Are you going to live forever?
I’m not. Or at least, I see no evidence that I will. Or anyone else.
And yet the concept of living forever, of immortality, pervades our culture so much that it isn’t even a novelty any more. That’s understandable. The human mind can only conceive of so much. Ideas like “nothing” and “not existing” are too big to think about. I can’t imagine not existing.
But I can’t imagine living forever either. In that, the non-believer is unique. It’s quite easy for believers; Christians, Jews, Buddhists, Muslims, Mormons, Hindus, Scientologists, to embrace their own individual eternities. It’s even one of the selling points. Not just existing forever, but who has the best ‘forever’ to exist in.
Do these people have any idea of what ‘living forever’ would really mean? I think I do. And the best way I can explain it is through an example below the fold:
That’s right…I’m going to use a British sci-fi serial to help explain a complex theological concept.
Try and stay with me.
There are two main characters within the Whoniverse that are, essentially, immortal. These would be the eponymous Doctor and Captain Jack (Harkness, not Sparrow).
The Doctor is an alien. Through his unique Time Lord physiology, he has a way to cheat death any time he arrives at its doorstep. In what you could either consider a brilliant move or a cheap trick, the original writers designed it so that if The Doctor was on the verge of dying, he could ‘regenerate’. He literally changes every cell in his body, becoming a new man (and a new actor) in everything but name and mind.
All that nerdiness is simply there to say that that is how I would wish to live forever, if given the opportunity. Because to live forever your existence must eventually become a bore. That may take quite a while. Hundreds, thousands or millions of years, yes, but we’re dealing with eternity here! A million years is a second when dealing with something like forever.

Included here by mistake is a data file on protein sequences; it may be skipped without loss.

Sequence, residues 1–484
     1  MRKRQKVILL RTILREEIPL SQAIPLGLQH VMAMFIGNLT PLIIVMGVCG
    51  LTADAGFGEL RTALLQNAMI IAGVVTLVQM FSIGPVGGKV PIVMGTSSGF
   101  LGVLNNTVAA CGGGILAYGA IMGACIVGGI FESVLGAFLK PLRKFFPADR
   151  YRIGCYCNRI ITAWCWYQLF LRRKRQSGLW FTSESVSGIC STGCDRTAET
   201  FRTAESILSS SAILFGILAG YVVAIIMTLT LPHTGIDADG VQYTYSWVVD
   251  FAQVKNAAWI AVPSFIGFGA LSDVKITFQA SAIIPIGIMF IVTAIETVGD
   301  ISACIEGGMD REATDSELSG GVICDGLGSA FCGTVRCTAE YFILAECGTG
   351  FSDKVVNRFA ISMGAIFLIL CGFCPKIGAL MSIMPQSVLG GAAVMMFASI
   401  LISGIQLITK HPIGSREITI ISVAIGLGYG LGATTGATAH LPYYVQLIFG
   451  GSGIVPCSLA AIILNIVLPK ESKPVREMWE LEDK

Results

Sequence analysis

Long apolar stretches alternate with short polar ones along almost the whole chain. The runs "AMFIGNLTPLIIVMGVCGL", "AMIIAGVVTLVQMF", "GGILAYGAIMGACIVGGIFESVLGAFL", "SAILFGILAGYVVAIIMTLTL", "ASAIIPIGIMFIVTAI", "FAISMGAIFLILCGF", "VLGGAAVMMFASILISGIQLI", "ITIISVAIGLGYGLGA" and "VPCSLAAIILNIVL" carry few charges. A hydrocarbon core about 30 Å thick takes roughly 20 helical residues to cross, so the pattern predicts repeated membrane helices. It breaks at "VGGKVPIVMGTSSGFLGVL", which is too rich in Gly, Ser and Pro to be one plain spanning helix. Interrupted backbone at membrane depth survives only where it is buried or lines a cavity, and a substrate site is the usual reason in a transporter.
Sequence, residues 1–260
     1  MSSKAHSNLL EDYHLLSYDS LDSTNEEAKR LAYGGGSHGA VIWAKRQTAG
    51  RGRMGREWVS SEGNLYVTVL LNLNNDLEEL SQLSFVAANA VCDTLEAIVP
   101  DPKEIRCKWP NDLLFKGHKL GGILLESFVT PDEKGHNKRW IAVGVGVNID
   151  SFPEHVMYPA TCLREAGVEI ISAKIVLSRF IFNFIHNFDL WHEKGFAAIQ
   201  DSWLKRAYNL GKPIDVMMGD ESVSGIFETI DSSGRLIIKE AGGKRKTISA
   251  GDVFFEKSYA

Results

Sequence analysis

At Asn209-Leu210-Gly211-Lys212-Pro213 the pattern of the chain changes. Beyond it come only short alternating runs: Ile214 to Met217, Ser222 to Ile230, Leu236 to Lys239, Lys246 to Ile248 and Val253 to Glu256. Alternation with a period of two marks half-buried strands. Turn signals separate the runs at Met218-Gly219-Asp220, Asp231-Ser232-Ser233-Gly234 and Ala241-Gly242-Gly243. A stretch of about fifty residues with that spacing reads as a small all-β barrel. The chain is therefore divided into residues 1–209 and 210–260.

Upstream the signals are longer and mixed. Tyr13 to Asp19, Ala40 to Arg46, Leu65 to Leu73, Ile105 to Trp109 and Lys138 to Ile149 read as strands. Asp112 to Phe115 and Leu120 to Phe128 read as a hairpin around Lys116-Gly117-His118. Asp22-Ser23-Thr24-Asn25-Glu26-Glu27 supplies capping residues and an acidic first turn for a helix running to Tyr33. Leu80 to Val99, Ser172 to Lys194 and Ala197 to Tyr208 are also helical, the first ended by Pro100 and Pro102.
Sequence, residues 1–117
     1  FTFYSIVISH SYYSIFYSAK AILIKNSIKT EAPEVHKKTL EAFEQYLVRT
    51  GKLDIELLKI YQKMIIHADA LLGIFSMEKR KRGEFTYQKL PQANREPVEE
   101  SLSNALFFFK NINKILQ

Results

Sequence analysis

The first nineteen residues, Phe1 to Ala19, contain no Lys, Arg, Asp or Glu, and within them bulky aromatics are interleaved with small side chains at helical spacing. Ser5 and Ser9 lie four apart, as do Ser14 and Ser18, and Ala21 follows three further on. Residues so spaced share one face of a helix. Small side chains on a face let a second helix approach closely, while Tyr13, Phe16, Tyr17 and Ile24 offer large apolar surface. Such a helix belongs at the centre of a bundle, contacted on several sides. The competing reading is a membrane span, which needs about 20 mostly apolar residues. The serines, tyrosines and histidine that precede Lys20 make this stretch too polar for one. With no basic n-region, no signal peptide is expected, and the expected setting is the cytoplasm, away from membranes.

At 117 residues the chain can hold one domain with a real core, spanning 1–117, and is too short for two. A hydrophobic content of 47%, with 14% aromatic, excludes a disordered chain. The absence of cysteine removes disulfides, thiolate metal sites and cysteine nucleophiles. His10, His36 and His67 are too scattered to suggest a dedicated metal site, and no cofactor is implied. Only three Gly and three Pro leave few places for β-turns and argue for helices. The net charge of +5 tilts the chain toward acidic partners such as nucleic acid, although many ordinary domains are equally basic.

The Doctor, however, gets variety no matter how long his life goes on. He may have done things before, seen things before, but with every regeneration he is seeing them through brand new eyes. Literally!
Now look at Captain Jack.
Through an accident with a near-omnipotently powered friend (this is sci-fi, remember?), Jack can’t die. Well, he can, but he can’t stay dead. Any time he is killed, his body ceases to function for a few seconds to a few minutes, and then he comes right back as if nothing happened. Couple that with the fact that he is a man from our future who is accidentally thrown into our past, with no choice but to merely live through the time that makes up the difference.
Jack, in my mind, embodies the religious view of eternal life. Forced to go on living, made to go through things over and over and over again. Maybe not with the same exact people, perhaps not under the same precise circumstances, but it is still all the same. Jack only manages through it because he lives in a world of science-fiction, with aliens and monsters and time-travel to keep him occupied.
While the real world is easily as amazing as the Whoniverse, with eternity on your hands you’ll eventually have seen everything.
So you can keep your immortality. It sounds tempting at first, but when you break it down you’re just being forced to watch the same episode over and over and over.
Give me a good long life with adventures, dangers, learning and a companion or two. And give me the sense to recognize that while it all may be over when I’m gone, I made the best of it while I was here.
Let’s not end it before the next season of Doctor Who, though, shall we?